"Il cane beve la sua acqua."

Translation:The dog drinks its water.

December 23, 2012

This discussion is locked.


Also - "The dog drinks her water"


"il cane" e' maschile, "la cagna" e' feminile


It can be the water of the dog's owner, who may be male or female. It's not necessarily the dog's own water.


Once the owner gives the water to the dog. It then belongs to the dog. If the dog is drinking the owner's water, it is drinking out of the owner's cup or bottle and the owner did not want the dog to drink it. It doesn't matter whose water, as the Italian possessive is matching the gender and number of the possessed item, in this case the water is feminine and singular since uncountable. "la sua acqua" can be either "his water", "her water" or "its water", or even "your water" when capitalized (the formal version of "your" should be capitalized). http://italian.about.com/library/fare/blfare132a.htm http://italian.about.com/od/grammar/a/italian-possessive-adjectives.htm http://italian.about.com/od/grammar/a/italian-possessive-pronouns.htm


...arghhhhh I wrote the dog drinks your water...my brain is about to explode


Sorry that would be: "Il cane beve la Sua acqua." Oh, for just a capital letter!


so, my friend has a glass, and the dog starts drinking out of it. how do I say "the dog drinks his water"? meaning the water of my friend, not of the dog... I also wrote "the dog drinks his water"


Yes, and for all we know, that is what this sentence is about.


Is there a plural masculine form for 'suo, sue and sua'?


"Your water" doesn't work for me


Yes. As allintolearning wrote, "the formal version of "your" should be capitalized".

So "your water" would be "la Sua acqua", but this sentence has "la sua acqua".


I agree. Wouldn't 'it's' imply the use of 'proprio'?


"it's own" would use "propria" for "own" for a feminine noun such as acqua.


But in English "il cane" is not him nor her, il cane is its

[deactivated user]

    Exactly how I see it now. Revelation situation :D

    'HIS' or 'HERS' only when we know the gender, else it is 'ITS'

    Nice one :D


    i guess this is it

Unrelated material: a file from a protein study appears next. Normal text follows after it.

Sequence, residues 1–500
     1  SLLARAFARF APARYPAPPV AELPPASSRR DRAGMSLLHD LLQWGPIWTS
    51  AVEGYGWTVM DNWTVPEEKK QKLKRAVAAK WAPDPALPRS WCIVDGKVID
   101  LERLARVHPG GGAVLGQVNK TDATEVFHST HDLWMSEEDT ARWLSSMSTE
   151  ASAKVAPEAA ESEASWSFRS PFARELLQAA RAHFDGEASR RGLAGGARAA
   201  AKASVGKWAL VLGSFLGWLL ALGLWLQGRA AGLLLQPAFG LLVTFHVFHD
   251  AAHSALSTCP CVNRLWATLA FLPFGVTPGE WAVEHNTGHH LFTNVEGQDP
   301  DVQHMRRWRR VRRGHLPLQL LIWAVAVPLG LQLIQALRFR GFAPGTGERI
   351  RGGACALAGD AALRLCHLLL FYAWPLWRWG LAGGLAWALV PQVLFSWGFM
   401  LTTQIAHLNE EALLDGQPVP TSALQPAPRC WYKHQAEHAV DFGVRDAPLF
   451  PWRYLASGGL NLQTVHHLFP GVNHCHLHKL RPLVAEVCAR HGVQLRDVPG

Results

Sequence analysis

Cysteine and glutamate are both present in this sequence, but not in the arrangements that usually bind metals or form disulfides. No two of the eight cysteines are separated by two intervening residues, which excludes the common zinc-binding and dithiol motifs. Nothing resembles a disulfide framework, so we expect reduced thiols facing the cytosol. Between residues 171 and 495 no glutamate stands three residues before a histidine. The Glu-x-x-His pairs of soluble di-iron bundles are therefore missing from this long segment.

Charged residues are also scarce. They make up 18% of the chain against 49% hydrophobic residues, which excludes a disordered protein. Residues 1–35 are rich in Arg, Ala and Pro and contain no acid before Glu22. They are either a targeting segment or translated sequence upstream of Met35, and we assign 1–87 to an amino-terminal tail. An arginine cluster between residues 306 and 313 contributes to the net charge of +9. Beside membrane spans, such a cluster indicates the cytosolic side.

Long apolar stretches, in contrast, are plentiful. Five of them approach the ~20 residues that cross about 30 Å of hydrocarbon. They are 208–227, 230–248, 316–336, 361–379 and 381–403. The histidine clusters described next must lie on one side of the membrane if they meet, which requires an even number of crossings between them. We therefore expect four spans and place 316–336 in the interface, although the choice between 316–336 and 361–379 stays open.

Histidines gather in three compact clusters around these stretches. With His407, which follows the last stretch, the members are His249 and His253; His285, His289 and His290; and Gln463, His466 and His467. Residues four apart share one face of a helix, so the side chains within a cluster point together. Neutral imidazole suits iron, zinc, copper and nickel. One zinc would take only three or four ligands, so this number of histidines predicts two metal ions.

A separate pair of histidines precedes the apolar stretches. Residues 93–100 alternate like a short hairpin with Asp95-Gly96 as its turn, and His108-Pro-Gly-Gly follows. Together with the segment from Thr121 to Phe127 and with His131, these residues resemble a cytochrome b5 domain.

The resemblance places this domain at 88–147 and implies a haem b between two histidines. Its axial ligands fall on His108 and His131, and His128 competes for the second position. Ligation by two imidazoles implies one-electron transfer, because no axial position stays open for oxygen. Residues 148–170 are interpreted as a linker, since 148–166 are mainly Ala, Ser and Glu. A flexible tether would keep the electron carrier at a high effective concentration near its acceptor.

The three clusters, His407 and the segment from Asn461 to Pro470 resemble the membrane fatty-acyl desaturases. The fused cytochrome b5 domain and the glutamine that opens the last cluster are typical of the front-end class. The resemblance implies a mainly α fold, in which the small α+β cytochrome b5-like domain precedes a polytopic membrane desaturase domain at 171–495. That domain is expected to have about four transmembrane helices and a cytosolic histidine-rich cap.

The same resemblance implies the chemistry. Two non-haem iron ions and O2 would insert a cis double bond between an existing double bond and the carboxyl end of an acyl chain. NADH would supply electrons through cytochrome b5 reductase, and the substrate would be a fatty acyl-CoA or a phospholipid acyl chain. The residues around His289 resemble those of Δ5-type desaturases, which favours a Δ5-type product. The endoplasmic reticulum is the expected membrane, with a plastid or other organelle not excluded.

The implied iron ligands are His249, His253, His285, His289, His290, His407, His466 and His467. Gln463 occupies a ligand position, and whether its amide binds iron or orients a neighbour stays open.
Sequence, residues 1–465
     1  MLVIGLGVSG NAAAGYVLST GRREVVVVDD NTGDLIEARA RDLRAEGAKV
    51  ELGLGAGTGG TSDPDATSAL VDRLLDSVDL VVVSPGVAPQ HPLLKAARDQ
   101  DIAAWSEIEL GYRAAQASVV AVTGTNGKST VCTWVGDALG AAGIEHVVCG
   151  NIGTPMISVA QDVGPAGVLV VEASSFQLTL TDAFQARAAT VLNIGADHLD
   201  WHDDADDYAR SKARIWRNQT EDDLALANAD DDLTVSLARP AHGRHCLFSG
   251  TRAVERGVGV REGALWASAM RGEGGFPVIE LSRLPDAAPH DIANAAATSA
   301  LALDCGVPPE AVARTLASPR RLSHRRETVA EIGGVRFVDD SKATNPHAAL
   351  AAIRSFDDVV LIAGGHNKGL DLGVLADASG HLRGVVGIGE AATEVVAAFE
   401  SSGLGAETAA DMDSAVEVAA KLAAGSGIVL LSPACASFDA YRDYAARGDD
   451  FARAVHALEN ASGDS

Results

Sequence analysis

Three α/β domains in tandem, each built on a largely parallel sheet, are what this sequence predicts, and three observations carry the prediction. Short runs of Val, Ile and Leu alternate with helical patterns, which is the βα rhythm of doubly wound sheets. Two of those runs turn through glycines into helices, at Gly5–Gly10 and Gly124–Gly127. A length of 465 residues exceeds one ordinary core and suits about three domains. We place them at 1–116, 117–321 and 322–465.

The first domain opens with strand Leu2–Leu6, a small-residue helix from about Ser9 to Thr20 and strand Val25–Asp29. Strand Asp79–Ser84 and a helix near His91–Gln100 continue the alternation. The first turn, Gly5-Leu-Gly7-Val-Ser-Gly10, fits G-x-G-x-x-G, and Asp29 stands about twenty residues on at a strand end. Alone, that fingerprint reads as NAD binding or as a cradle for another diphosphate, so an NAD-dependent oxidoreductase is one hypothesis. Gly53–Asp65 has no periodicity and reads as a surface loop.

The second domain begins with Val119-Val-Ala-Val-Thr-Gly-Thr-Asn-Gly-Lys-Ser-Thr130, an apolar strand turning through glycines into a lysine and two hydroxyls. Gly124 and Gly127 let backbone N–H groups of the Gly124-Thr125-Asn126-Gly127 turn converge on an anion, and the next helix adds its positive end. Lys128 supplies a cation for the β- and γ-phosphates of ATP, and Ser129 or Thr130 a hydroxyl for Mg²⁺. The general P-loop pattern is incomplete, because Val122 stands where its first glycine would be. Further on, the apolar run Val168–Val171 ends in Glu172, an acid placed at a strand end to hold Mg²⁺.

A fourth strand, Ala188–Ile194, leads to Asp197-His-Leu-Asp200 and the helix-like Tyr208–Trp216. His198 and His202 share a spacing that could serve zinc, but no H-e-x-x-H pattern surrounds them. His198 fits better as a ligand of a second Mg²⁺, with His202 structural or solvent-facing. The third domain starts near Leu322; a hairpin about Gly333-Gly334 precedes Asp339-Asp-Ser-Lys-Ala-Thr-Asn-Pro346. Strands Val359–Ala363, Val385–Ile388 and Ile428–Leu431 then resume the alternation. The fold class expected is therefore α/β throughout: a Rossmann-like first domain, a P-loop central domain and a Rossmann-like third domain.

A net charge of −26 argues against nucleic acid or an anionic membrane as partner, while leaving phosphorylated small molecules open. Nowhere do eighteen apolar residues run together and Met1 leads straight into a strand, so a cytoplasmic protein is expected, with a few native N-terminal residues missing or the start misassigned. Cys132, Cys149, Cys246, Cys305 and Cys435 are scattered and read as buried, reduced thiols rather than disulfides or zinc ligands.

Not exactly true. We like to personify our pets. We will use words like he/his/him instead of it/its/it. Some people will even get offended if you refer to their pet as "it".


    Well technically we aren't personifying purs pets by refers to them with he or she as gender isn't exclusive to people.


    Il cane would be masculine- and English allows for this rendering


    CORRECTION & apologies: "La sua" -feminine (its or her)


    I wrote "his water" and that was incorrect also.


    La sua aqua = his/her water .... La propria acqua = his/her own water ... it has more emphasis


    One thing that many native English speakers are struggling with here is "Whose water is it? The dog? Some female, or male, or... ." Sassicat hinted at this above. As Damienliu noted, this is basically irrelevant to the proper form for the possessive. The only difference it makes is if the dog actually owns the water; then propria conveys that specificity. Just from the information Duolingo has given us there's no way to know who or what owns the water, though we can deduce that it is not the dog.


    The problem with this is that while it's not important for translating from English to Italian, it is important in reverse. Or rather, Duo pretends it is. The English equivalent to this sentence is acceptable with all three of his/hers/its, but Duo marks only the last correct.


    Bingo! That's the problem in a nut shell. Duo is marking it wrong when it's not.

    [deactivated user]

      How do we know whether it is 'it's', 'her's' or 'his'?


      It's is short for it is. Possessive its has no apostrophe.


      I see Italians love to use the definite article a lot!


      La cagna.. Is the female dog.. Il cane is male dog.. La cagna beve la sua acqua....


      I am yet to understand how to determine whether an object is feminine or masculine


      The best way is to learn the gender along with the noun :)

      But you can often guess the gender from the last letter of the word -- have a look at the lesson notes for "Plural", for example: https://www.duolingo.com/skill/it/Plurals


      What not is possible... the dog drinks YOURS water..?

      1. "yours water" is not correct English.
      2. "your water" would be "la Sua acqua", with a capital S.


      It took me three times to not forget the "a" at the end of "sua" because she doesn't enunciate the "a" in "acqua".


      That sounds very weird. The dogs aren t water producers